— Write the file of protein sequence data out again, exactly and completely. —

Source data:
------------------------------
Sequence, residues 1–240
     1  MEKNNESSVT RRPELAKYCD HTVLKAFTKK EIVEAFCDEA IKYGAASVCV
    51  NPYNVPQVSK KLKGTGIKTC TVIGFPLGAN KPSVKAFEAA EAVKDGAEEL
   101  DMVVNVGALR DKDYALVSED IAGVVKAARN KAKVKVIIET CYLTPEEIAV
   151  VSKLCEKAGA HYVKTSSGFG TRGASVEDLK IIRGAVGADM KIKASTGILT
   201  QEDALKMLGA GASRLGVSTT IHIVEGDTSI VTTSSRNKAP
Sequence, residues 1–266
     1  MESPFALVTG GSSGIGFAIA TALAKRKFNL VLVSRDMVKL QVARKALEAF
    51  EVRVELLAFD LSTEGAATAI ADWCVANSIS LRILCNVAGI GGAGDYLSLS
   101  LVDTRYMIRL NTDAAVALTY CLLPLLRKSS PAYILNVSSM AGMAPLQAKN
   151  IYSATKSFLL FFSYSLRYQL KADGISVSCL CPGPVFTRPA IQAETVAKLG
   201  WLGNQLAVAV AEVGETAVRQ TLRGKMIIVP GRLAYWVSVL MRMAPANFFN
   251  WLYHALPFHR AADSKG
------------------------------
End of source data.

Sequence, residues 1–240
     1  MEKNNESSVT RRPELAKYCD HTVLKAFTKK EIVEAFCDEA IKYGAASVCV
    51  NPYNVPQVSK KLKGTGIKTC TVIGFPLGAN KPSVKAFEAA EAVKDGAEEL
   101  DMVVNVGALR DKDYALVSED IAGVVKAARN KAKVKVIIET CYLTPEEIAV
   151  VSKLCEKAGA HYVKTSSGFG TRGASVEDLK IIRGAVGADM KIKASTGILT
   201  QEDALKMLGA GASRLGVSTT IHIVEGDTSI VTTSSRNKAP
Sequence, residues 1–266
     1  MESPFALVTG GSSGIGFAIA TALAKRKFNL VLVSRDMVKL QVARKALEAF
    51  EVRVELLAFD LSTEGAATAI ADWCVANSIS LRILCNVAGI GGAGDYLSLS
   101  LVDTRYMIRL NTDAAVALTY CLLPLLRKSS PAYILNVSSM AGMAPLQAKN
   151  IYSATKSFLL FFSYSLRYQL KADGISVSCL CPGPVFTRPA IQAETVAKLG
   201  WLGNQLAVAV AEVGETAVRQ TLRGKMIIVP GRLAYWVSVL MRMAPANFFN
   251  WLYHALPFHR AADSKG